Oldest evidence of life on land found in 3.48-billion-year-old Australian rocks

May 9, 2017
Ridges in the ancient Dresser Formation in the Pilbara Craton of Western Australia that preserve ancient stromatolites and hot spring deposits. Credit: Kathleen Campbell

Fossil evidence of early life has been discovered by UNSW scientists in 3.48 billion year old hot spring deposits in the Pilbara of Western Australia - pushing back by 3 billion years the earliest known existence of inhabited terrestrial hot springs on Earth.

Previously, the world's oldest evidence for microbial on land came from 2.7- 2.9 billion year old deposits in South Africa containing organic matter-rich ancient soils.

"Our exciting findings don't just extend back the record of life living in by 3 billion years, they indicate that life was inhabiting the land much earlier than previously thought, by up to about 580 million years," says study first author, UNSW PhD candidate, Tara Djokic.

"This may have implications for an origin of life in freshwater hot springs on land, rather than the more widely discussed idea that life developed in the ocean and adapted to land later."

Scientists are considering two hypotheses regarding the origin of life. Either that it began in deep sea hydrothermal vents, or alternatively that it began on land in a version of Charles Darwin's "warm little pond".

"The discovery of potential biological signatures in these ancient hot springs in Western Australia provides a geological perspective that may lend weight to a land-based origin of life," says Ms Djokic.

"Our research also has major implications for the search for life on Mars, because the red planet has ancient hot deposits of a similar age to the Dresser Formation in the Pilbara.

"Of the top three potential landing sites for the Mars 2020 rover, Columbia Hills is indicated as a hot spring environment. If life can be preserved in hot springs so far back in Earth's history, then there is a good chance it could be preserved in Martian hot springs too."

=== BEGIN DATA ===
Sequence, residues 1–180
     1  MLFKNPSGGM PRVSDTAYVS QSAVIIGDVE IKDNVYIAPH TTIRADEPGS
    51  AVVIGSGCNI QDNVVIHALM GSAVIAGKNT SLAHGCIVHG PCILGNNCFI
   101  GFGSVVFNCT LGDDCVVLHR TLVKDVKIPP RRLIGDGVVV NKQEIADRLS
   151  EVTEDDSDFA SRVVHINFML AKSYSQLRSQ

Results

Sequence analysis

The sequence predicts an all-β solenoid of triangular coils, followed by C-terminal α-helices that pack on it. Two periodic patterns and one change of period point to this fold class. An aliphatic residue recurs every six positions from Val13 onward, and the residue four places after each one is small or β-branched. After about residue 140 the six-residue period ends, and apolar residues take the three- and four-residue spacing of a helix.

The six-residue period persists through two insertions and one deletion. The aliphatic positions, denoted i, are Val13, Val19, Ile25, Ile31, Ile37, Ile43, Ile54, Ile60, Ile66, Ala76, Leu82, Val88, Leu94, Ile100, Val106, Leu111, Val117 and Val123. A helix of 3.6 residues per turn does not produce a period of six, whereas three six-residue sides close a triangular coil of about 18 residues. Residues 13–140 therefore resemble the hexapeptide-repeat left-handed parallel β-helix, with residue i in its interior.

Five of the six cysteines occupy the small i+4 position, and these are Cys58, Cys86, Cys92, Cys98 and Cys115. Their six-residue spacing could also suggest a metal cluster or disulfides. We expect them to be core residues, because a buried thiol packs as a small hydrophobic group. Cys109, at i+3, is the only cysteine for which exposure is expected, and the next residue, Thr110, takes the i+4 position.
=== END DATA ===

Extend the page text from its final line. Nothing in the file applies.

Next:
The study, by Ms Djokic and Professors Martin Van Kranendonk, Malcolm Walter and Colin Ward of UNSW Sydney, and Professor Kathleen Campbell of the University of Auckland, is published in the journal Nature Communications.

Spherical bubbles preserved in 3.48 billion year old rocks in the Dresser Formation in the Pilbara Craton in Western Australia provide evidence for early life having lived in ancient hot springs on land. Credit: UNSW

The researchers studied exceptionally well-preserved deposits which are approximately 3.5 billion year old in the ancient Dresser Formation in the Pilbara Craton of Western Australia.

They interpreted the deposits were formed on land, not in the ocean, by identifying the presence of geyserite - a mineral deposit formed from near boiling-temperature, silica-rich, fluids that is only found in a terrestrial hot spring environment. Previously, the oldest known geyserite had been identified from rocks about 400 million years old.

Within the Pilbara hotspring deposits, the researchers also discovered stromatolites - layered rock structures created by communities of ancient microbes. And there were other signs of in the deposits as well, including fossilised micro-stromatolites, microbial palisade texture and well preserved bubbles that are inferred to have been trapped in a sticky substance (microbial) to preserve the bubble shape.

"This shows a diverse variety of life existed in fresh water, on land, very early in Earth's history," says Professor Van Kranendonk, Director of the Australian Centre for Astrobiology and head of the UNSW school of Biological, Earth and Environmental Sciences.

"The Pilbara deposits are the same age as much of the crust of Mars, which makes hot spring deposits on the red planet an exciting target for our quest to find fossilised life there."In September 2016, Professor Kranendonk was part of an international team that found what is possibly the oldest evidence of life on earth - 3.7 billion year old fossil stromatolites in Greenland deposits that were laid down in a shallow sea. He has also given geological advice to NASA on where to land the rover on the 2020 Mars Exploration Mission.

"The Pilbara provides us with a rich record of early life on Earth and is a key region for developing exploration strategies for Mars to try and answer one of the greatest enigmas in science and philosophy - did life arise more than once in the universe?" says Professor Walter, founding director of the Australian Centre for Astrobiology.

"That's why we are working to gain World Heritage listing for its main fossil sites."

The Australian Centre for Astrobiology, ACA, founded by Professor Malcolm Walter in 2001, is based at UNSW Sydney. It is the only centre of astrobiological research in Australia and is an Associate Member of the NASA Astrobiology Institute.